It's no secret that owning a house comes with a lot of responsibilities—and costs. Even when you budget for certain repairs or tuneups, there are plenty of other times when unexpected hiccups occur. That's why it's always useful to have a few home maintenance hacks in your back pocket. From the garden to the garage, these tips and tricks help you save money while still keeping an orderly home.
Sponges soak up everything in their path, including the funds required for frequent replacement. Fortunately for the budget-conscious, half a sponge packs as much grime-fighting ability as a whole sponge. So, you can get twice the utility out of one sponge by cutting it into two pieces.
Related: 10 Extras to DIY for Your Kitchen
Unless you own a dual-flush toilet, you're probably dumping way too much water down the drain with each flush, which in turn raises your water bill. Flush smarter by adding a brick or full plastic water bottle to the toilet tank. The extra bulk will raise the tank's float arm faster, which means you'll need less water to fill the tank.
The Razor's Edge
Before you dispose of disposable razors, try sharpening them with an adaptable accessory already in your wardrobe: a leather belt. The particulate grit on the underside of a belt acts as a strop, refining the dull edges of the blade until it is as sharp as ever and ready for many more shaves.
Grit and gunk that collect on your refrigerator’s condenser coils can put the hardworking appliance into overdrive—and this can lead to sky-high energy bills. Using a vacuum cleaner with a crevice-friendly attachment, banish unsightly accumulations from the coils for improved energy efficiency.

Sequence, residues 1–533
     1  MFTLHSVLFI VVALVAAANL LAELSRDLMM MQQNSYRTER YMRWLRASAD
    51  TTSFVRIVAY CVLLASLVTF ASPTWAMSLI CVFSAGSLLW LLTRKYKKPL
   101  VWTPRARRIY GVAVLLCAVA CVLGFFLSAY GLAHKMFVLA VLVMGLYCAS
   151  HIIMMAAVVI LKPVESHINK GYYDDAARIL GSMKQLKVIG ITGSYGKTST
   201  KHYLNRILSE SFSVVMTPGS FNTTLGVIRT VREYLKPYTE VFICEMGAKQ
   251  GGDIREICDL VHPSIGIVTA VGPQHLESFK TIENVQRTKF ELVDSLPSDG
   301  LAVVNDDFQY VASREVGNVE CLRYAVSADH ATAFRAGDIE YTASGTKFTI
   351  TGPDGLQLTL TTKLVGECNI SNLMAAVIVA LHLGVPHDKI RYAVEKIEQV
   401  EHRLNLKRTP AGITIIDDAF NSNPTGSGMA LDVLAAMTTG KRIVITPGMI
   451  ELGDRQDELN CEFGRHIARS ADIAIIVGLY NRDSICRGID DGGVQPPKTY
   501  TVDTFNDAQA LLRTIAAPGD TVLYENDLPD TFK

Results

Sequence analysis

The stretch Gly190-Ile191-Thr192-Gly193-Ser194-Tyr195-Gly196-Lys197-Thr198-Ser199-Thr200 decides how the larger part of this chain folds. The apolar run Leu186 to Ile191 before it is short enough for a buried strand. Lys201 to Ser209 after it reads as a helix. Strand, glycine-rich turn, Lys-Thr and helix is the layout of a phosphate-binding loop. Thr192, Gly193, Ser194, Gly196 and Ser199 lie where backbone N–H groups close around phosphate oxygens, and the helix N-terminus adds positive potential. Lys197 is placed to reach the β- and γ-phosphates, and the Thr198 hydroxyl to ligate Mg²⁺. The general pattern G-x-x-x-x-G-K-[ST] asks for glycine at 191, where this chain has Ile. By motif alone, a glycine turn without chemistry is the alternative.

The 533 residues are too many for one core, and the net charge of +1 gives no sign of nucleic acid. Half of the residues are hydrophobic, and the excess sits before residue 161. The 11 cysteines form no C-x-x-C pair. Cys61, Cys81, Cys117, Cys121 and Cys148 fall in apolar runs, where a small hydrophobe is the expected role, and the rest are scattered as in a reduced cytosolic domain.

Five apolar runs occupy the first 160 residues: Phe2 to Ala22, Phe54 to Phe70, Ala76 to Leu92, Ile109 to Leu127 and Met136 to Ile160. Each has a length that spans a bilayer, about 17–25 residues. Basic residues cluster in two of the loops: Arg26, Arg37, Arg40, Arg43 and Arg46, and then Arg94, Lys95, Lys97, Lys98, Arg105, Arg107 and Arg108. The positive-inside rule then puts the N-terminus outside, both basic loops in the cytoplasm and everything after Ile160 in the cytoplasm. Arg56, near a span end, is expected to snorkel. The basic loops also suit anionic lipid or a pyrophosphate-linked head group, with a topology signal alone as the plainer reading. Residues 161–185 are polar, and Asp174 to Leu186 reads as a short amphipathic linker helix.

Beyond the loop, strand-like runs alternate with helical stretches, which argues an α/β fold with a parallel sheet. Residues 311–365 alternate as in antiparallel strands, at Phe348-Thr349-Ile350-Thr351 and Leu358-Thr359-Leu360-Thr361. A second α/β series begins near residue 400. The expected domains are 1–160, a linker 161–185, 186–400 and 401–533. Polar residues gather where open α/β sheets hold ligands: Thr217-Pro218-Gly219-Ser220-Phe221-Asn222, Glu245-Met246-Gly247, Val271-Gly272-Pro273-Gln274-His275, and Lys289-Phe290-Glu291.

Just as hosiery brings polish to an outfit, it can add luster to surfaces around the house. Slip old, outworn tights or pantyhose onto your hand like a glove, and then buff dusty lamps, dingy furniture, and other accessories to achieve polished perfection—no commercial cleaners required!
When water is at a premium, save your wallet and the environment by DIYing this slow-drip watering device for your garden bed. Constructed from a perforated water bottle filled with absorbent socks or strips of denim, the device can be planted next to young seedlings to continuously hydrate growing roots.
Related: 10 "Zero Dollar" Garden Hacks
Running on Empty
Don't cry over spilled milk! Instead, put that empty container to good use. Empty milk containers or other large bottles placed in a half-full fridge can help increase cold air circulation and reduce your electric bill. Those frosty empty jugs keep the surrounding items cold, maintaining a low average fridge temperature—and a lower utility bill.
The flexible mesh bags that commonly house store-bought onions and potatoes can be given a second life in the kitchen as pot scrubbers. Start by cutting and folding the bag into the desired dimensions, then use a yarn needle to stitch the edges closed with rug yarn. That's it! You're ready to take your new scrubber to the sink and start cutting through grease!
Single-use commercial dryer sheets can make laundry day more luxurious and fresher scented, but who needs them when you can make your own! To create an all-natural equivalent, dip clean, cut-up rags into a solution of vinegar and essential oils. The sheets can be stored in an airtight container until needed and then reused for countless spin cycles.
Keep Your Cool
Skip the AC (and the AC bills) this summer by creating your own DIY air conditioner. Consisting of an old fan placed atop a bucket that holds a natural cooling source—frozen water—this quick hack will help you stay cool and comfortable as you soak up summer.
Related: 7 Tricks for Keeping Cool Without AC